During the Nakba in 1948, when there was a mass exodus of Palestinians expelled from their own houses and lands in the place that right now is called Israel, around 3,000 people built tents in my neighborhood on the borders of Al-Bireh. My family are natives of the city and have been living in the same place for decades. Over time, as the camp grew and became more rooted, we found ourselves surrounded by crowded concrete buildings populated by more than 10,000 people, with my house in the middle. We found ourselves as a family living in the extreme conditions of our neighbors, plagued by overcrowding and inadequate sewerage and water networks.
Despite the change, my family has always been welcoming to our refugee neighbors. The crowded conditions haven’t dampened the inhabitants’ genuine caring and natural bonding, which have made them resilient and steadfast. I have been told many stories about my grandmother. She was the godmother for the camp, who opened her house to those who needed help and defended her young neighbors from Israeli military attacks with her special weapon: her slippers.
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My Homeland Is an Open Sky Prison
I lived through the Second Intifada in the early 2000s. I was five years old when it started. I remember the sounds of bombings, shooting, arrests, and Israeli tanks and troops in the middle of the night. I remember the shouting and wailing of mothers for the lost lives of loved ones. I witnessed my dad being arrested by Israeli soldiers. I wondered at the time where they were taking him, and if they would take me as well. Later, my mom calmed me down and told me he’d come back. After a week he did, with tears in his eyes. I didn't know what happened and no one told me.
Now I am 26 years old, and I still don't feel safe. The regular midnight raids on the camp scare me. Since childhood, my worst nightmare is a tank demolishing my family house over our heads, the way I see happening to our neighbors. Living an everyday life is a dream to me. I ran to Ramallah to find a decent job where I can fulfill my dreams, but the brutal reality keeps chasing me because big cities are not far from political events. Settling down seems impossible when one day you have a job and the next you don't.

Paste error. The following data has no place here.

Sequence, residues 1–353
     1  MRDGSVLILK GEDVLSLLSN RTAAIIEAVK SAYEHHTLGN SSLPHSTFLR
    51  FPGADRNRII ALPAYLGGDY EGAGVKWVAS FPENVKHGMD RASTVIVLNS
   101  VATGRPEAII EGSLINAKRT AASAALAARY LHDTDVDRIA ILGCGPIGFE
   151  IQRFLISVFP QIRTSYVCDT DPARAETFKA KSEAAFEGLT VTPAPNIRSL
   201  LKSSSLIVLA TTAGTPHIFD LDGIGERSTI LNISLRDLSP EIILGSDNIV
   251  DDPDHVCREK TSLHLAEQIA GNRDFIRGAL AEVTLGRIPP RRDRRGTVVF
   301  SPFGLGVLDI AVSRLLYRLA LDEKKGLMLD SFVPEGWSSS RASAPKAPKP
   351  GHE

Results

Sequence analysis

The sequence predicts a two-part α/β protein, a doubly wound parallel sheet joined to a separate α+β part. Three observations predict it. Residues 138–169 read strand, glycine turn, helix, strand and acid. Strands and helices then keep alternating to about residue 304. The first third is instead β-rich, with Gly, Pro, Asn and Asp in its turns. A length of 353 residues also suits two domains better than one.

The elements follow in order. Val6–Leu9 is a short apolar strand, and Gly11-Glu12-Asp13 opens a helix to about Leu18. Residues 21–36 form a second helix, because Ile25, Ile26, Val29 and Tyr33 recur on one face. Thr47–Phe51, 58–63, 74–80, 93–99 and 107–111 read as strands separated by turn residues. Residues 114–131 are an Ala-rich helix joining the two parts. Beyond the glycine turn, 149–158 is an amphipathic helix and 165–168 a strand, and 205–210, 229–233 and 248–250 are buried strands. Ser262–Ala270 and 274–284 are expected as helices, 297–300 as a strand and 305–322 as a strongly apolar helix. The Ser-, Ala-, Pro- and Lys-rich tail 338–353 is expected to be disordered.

The Wall Divides
When I want to travel from one city to another through military checkpoints, young soldiers no older than 19 point their guns at us, ready for any ambiguous move to give them a reason to open fire. I have to carry all my identification documents with me every time I leave the house, even for a short trip. Usually, the drive from Al-Bireh to Nablus takes an hour. Sometimes, we have to roam for six hours to reach my relatives' house in Nablus, crossing one checkpoint after another.
Having my belongings searched by soldiers, or even being given a full-body security scan, has stripped my feeling of safety and personal privacy. In my short lifetime, I have seen the wall built around Palestinian cities and villages, disconnecting them from relatives and friends, and zoning them into fragmented IDs. To me it is an apartheid wall, segregating people from each other based on identity and race. I live one hour away from the sea but can't reach it because I need a permit from Israel.
I have never been to the beach.
How do I see the world? Through the eyes of my foreign friends who tell me stories about their countries, cultures and lives without borders. It confuses me. I don't know if it makes me happy or sad to hear how easy life is supposed to be. I am overwhelmed by the fact that the world is moving and I am standing still, gathering my shattered, sabotaged dreams.
It is depressing to live in a reality where human needs are only measured by what you do today, not what you aspire to achieve tomorrow. In the end, my only consolation is hope.